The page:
The Astonishing 50th Reunion of Del’s Class of 1970
By Mr. John Hunt
Please refresh our hopes for unsteady human nature. It is not always as reliable as we might wish. Most gratifying, most reassuring, was the recent proof of the resilience of Del alumni. The class of 1970 gathered recently not to lament the passing of time nor to mourn the fleeting flow of the decades into one another, but rather to preserve some meaning from the conjunction of their lives 50 years ago, which was not yesterday. We might readily think that after the eb and flow of life’s vicissitudes, of the meanderings of time and tide “in the affairs of men”, that choices, chance, fate, inclinations, whims and so many convolutions of existence might easily cause lives that were conjoined in high school to drift widely apart in the fury of life’s chaotic upheavals.
Not so in this instance. In 52 years memories fade, wander away yet 30 members of this Del class of 1970 defied gravity in our immeasurable cosmic drift, feeling the magnetism of an intangible attraction from their high school memories. Intangibles are not easy to nail down. Were there emanations due to the Brother’s influence? A favourite teacher or two? The cozy, smallish familiarity of the campus? A feeling of solidarity in chaotic times? One feature of the class was in escapable – they cared for each other and showed spontaneous concern. Their cohesion was palpable. They prayed for and cared for each other, for Joe Goldsmith for instance, until he was out of an ICU unit waiting for surgery on June 7th, 2022. They came from all over the province and peopled every profession. In a telling remark perhaps from a better time, they actually noted their communal effort “to make this a better world”. Does this generous philosophical view seem sadly outdated now? Are we in a different age?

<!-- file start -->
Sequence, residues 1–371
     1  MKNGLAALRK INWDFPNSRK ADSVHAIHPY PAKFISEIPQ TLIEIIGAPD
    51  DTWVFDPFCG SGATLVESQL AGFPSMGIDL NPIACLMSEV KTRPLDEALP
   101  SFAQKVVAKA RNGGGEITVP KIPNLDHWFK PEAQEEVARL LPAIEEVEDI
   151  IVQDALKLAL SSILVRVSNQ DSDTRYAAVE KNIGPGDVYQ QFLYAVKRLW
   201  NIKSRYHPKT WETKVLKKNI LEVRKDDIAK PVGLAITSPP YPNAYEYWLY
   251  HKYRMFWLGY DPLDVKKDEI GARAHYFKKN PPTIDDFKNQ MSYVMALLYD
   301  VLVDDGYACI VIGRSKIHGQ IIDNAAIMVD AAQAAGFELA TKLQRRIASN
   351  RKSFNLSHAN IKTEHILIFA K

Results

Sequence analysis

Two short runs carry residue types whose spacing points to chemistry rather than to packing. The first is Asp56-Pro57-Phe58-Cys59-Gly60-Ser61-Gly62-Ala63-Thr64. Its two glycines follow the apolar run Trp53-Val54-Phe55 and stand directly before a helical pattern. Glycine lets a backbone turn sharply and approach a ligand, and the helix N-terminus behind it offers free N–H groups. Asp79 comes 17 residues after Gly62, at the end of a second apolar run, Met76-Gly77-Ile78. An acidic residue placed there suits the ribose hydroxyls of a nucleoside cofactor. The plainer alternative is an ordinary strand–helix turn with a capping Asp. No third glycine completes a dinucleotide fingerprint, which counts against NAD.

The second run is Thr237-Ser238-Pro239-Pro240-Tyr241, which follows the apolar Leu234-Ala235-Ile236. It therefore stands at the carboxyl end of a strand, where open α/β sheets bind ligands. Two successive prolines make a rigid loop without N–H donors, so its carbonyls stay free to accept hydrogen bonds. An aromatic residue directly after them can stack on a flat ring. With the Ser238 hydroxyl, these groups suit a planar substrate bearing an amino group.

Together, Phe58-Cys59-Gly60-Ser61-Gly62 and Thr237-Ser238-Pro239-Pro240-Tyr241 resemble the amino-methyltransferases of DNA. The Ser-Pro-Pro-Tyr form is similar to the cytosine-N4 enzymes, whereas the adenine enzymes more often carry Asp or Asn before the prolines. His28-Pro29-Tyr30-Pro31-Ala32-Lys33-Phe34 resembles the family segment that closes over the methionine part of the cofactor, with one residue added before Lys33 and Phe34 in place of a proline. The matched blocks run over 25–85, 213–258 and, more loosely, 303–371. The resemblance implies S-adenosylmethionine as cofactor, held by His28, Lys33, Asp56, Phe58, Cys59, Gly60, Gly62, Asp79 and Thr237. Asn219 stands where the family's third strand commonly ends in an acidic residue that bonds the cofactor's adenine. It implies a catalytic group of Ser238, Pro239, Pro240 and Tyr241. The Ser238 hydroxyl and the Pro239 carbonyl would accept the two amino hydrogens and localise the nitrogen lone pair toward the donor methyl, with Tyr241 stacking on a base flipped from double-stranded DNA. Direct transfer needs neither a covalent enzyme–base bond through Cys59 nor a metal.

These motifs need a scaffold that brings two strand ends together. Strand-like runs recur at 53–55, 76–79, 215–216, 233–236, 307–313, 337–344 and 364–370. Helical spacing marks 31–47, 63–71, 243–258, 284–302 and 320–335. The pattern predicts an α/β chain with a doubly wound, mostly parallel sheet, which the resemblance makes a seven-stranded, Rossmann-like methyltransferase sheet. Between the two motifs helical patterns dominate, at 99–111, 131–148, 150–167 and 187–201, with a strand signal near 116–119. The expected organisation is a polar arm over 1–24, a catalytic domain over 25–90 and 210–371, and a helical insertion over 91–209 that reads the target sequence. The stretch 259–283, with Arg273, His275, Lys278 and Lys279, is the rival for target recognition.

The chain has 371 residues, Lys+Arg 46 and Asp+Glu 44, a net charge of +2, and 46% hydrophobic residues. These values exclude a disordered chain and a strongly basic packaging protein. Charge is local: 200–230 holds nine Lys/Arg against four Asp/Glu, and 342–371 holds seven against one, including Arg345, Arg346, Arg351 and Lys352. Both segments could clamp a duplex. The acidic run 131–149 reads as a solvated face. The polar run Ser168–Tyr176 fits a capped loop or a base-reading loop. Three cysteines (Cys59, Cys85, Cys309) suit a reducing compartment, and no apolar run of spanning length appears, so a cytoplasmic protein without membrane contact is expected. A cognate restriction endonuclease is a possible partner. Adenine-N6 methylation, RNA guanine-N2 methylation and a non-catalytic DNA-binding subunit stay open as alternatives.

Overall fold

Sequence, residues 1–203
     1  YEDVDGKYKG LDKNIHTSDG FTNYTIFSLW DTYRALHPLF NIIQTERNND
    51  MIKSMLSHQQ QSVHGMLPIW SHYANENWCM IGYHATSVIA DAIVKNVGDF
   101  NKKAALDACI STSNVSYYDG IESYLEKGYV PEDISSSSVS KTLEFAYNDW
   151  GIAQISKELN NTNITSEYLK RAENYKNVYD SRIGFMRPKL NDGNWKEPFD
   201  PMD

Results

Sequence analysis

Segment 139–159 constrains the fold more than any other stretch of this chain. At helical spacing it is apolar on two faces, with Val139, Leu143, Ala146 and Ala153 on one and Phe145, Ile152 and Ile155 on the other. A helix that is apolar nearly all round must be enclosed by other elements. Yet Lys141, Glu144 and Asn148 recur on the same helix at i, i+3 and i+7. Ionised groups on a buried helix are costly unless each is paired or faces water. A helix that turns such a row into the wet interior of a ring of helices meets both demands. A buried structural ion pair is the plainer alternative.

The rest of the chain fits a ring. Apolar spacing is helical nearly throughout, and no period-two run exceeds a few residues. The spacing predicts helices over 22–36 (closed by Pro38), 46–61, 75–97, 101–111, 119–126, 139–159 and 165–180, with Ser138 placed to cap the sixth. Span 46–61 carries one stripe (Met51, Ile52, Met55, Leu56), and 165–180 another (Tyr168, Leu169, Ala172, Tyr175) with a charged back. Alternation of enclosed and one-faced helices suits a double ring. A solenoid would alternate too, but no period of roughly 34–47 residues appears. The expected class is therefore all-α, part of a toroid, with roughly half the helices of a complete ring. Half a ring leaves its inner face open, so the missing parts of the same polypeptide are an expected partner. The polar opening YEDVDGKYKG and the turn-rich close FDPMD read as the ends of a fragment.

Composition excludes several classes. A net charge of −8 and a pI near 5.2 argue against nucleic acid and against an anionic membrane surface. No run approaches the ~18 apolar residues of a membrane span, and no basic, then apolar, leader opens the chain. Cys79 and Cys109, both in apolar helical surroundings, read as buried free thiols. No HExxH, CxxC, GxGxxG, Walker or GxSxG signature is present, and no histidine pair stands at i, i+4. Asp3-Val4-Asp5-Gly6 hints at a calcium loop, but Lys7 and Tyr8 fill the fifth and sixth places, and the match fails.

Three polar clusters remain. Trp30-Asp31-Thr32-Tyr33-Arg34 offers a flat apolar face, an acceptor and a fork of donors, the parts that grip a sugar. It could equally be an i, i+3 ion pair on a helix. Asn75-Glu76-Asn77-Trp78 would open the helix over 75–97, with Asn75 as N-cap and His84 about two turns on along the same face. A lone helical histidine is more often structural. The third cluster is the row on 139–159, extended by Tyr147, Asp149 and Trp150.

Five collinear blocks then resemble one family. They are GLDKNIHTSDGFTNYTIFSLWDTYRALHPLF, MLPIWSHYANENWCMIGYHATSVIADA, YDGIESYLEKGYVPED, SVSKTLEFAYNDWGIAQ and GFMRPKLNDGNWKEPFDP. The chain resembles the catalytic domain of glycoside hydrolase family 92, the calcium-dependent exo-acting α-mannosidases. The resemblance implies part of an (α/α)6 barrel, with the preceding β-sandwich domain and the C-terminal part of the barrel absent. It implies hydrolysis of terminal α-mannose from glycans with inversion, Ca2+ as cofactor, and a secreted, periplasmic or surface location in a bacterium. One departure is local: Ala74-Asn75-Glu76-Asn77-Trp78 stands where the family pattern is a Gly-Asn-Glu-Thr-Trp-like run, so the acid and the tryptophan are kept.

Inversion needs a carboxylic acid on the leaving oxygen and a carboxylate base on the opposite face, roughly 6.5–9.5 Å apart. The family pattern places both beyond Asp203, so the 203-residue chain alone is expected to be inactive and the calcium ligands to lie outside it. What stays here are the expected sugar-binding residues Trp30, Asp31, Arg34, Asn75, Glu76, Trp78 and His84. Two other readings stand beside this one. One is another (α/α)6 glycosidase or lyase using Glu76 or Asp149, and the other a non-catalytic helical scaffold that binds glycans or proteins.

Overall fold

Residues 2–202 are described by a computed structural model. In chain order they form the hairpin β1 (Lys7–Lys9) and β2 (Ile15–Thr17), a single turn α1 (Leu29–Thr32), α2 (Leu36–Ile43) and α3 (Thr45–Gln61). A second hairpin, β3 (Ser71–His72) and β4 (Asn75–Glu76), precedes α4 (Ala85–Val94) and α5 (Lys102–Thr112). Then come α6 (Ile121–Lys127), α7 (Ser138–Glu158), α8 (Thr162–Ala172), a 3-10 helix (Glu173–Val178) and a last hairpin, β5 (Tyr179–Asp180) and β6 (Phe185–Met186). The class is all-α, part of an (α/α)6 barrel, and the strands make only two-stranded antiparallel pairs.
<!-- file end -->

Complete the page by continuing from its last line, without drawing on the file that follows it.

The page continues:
Another soul said he was never quite sure what to expect from this reunion but “found this one inspiring”. Their many shared memories inspired them to plan a dinner with their partners to enhance the experience. Remember, dear reader, in 1970 only males attended Del. A wash in uncertainties of the world as we know it, how reassuring it is to share the positive emotions of a Del class from decades ago who by a wonderful, magical alchemy have preserved such strong feelings for their school and for each other – they were most impressed and happy to see the school succeeding with a whole new generation of alumni. Surely the two are intertwined. The initiative for the reunion was theirs alone, like the phoenix regenerating from itself to renew life again. They came, they saw, they revelled in it. It is a victory to enjoy such a triumph over the times and tides of so many decades.
Any group should be exulted for surviving and coalescing, a Del gathering no less than others. Yet our grads seem more driven to continue the initiative, to savour the blossoming of the impetus, to follow the bee as it fulfills its destiny of pollinating the bloom, a bountiful and necessary labour, one that enhances creation hoping that all are alert to the necessity of avoiding barren ground. Is this too philosophical? We think not- deeper thought is theirs to be probed by the thoughtful. We, like the unique class of 1970 should do so, exploring all revelations. That class is made of the “right stuff”.
May their example inspire us and their rich fruitfulness endure.